Common Core: More Like Common Crap

20 05 2013

I’ve been here less than two months and I’m already stirring the pot. Feel free to copy and send this letter to your own newspaper’s editor if your state has adopted Common Core.


I was dismayed to read in last week’s Herald that our children, at the ripe old age of five, will be subject to the same rigorous hours of any full-time employee. Instead of allowing our children to learn at their own pace they will now be required to learn at the pace of their elders without the benefit of rest and play that are so crucial to growing minds.

It gets worse; the State of Tennessee has effectively said that we don’t know what is good for our children and has adopted the D.C.-devised, one-size-fits-all-across-the-nation program “Common Core”. Unproven, thrown together, and wielded by big government to send (or withhold) education dollars to states, Common Core dictates what will be taught and what will be read by our students.

I have reviewed the Common Core literature requirements: stepping away from the 50% fiction/50% non-fiction ratio, our 12th graders will be reading 70% non-fiction, all of which is dictated in Appendix B of the English Language Arts & Literacy in History/Social Studies, Science, and Technical Subjects order sent down from Washington-On-High.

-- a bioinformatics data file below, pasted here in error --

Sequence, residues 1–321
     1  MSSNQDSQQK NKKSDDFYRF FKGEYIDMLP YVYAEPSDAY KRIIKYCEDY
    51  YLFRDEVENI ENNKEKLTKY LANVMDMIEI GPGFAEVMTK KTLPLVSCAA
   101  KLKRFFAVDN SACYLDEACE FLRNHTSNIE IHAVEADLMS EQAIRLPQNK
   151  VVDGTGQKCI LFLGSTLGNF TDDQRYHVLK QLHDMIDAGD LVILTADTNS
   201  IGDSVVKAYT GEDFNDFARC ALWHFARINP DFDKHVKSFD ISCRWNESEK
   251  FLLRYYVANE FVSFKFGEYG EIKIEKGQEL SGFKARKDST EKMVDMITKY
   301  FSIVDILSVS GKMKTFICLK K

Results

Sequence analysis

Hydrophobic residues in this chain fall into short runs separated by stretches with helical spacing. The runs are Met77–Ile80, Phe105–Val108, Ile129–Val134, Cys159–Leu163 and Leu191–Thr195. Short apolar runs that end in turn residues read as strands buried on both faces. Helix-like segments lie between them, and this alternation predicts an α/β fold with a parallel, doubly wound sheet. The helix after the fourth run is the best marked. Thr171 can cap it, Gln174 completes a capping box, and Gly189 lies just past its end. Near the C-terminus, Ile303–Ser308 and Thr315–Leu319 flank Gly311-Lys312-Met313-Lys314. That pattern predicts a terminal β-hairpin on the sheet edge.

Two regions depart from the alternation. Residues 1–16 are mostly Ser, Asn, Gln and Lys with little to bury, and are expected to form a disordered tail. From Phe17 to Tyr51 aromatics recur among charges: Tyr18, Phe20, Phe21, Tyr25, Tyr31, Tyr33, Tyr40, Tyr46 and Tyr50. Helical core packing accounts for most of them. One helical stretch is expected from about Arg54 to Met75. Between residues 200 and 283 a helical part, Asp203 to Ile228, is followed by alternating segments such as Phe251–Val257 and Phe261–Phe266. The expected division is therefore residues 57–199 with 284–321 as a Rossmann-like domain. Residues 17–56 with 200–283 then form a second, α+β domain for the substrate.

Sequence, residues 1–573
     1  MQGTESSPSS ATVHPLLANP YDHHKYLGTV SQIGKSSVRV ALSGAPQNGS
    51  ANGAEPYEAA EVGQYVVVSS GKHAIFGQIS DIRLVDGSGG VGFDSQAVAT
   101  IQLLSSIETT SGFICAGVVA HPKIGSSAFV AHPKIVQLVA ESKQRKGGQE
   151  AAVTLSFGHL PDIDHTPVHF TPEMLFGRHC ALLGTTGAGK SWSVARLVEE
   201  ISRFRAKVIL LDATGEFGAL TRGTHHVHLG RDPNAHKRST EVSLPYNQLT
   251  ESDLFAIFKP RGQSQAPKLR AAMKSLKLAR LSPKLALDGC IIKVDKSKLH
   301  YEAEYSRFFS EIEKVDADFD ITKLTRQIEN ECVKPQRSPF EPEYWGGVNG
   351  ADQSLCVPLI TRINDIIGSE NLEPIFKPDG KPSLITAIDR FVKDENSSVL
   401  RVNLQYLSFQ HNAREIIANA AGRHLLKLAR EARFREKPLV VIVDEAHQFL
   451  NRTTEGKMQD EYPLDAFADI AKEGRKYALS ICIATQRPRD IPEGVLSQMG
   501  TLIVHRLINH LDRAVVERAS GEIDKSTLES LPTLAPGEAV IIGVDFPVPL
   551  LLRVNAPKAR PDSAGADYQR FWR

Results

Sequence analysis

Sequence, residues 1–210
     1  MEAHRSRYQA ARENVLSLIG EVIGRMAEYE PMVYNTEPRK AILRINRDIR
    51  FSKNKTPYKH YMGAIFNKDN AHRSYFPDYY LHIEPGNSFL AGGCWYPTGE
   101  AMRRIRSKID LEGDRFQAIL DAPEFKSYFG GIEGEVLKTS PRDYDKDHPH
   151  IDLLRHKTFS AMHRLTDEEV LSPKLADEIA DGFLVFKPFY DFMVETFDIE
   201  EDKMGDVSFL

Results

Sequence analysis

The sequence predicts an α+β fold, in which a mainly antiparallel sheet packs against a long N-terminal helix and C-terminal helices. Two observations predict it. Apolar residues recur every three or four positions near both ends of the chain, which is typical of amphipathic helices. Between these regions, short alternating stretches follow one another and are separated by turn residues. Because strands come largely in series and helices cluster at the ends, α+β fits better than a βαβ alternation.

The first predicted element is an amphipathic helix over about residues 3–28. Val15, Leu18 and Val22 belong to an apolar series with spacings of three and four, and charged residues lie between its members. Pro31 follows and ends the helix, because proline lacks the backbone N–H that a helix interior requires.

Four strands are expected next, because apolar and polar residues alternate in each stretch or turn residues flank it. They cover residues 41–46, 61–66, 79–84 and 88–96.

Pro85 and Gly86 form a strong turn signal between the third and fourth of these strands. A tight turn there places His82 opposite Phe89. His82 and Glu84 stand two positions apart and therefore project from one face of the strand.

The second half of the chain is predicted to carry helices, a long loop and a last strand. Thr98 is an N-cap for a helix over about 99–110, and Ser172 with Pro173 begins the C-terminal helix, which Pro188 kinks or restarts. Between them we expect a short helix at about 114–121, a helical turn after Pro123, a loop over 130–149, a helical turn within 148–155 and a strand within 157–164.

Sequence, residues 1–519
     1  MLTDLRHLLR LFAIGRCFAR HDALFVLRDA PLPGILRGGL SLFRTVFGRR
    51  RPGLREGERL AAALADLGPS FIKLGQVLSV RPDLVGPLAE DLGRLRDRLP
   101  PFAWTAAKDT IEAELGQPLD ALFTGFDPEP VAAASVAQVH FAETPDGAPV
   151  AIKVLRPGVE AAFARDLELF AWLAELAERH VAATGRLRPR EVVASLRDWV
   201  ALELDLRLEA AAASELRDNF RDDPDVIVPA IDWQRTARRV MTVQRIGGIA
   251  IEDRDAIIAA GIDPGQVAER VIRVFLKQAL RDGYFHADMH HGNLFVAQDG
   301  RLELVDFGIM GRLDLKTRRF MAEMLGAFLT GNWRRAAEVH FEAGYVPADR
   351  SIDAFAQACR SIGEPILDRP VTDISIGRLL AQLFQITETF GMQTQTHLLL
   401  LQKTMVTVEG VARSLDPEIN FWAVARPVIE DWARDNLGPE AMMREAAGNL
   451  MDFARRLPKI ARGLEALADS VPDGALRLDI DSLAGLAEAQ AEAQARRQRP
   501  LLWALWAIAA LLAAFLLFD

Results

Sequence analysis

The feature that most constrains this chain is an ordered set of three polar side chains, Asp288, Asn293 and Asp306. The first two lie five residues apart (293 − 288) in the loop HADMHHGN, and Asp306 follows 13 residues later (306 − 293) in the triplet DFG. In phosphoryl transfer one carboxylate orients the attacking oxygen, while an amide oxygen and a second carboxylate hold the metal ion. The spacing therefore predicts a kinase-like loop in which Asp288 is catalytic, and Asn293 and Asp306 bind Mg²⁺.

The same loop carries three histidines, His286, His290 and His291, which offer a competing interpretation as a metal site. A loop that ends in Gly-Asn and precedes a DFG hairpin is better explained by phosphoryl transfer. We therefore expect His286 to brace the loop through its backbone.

Instead of Tennessee being trusted to choose from a world of compelling, complex literature, D.C. has ordered that such literary gems as the EPA’s Recommended Levels of Insulation and Atul Gawande’s The Cost Conundrum: Health Care Costs in McAllen, Texas will be read.

46 states are adopting Common Core but 10 of those are already having second thoughts including our neighbor, Georgia. These 14 states realize what D.C. does not: that central planning makes gathering people’s real preferences and needs impossible.

By adopting Common Core, Tennessee has effectively said, “Big Brother knows better than we” and will allow our children to become good little statists. But at least they’ll have read the riveting GSA’s Strengthening Federal Environmental, Energy, and Transportation Management.




Leave a Reply

Fill in your details below or click an icon to log in: Logo

You are commenting using your account. Log Out /  Change )

Google+ photo

You are commenting using your Google+ account. Log Out /  Change )

Twitter picture

You are commenting using your Twitter account. Log Out /  Change )

Facebook photo

You are commenting using your Facebook account. Log Out /  Change )

Connecting to %s

%d bloggers like this: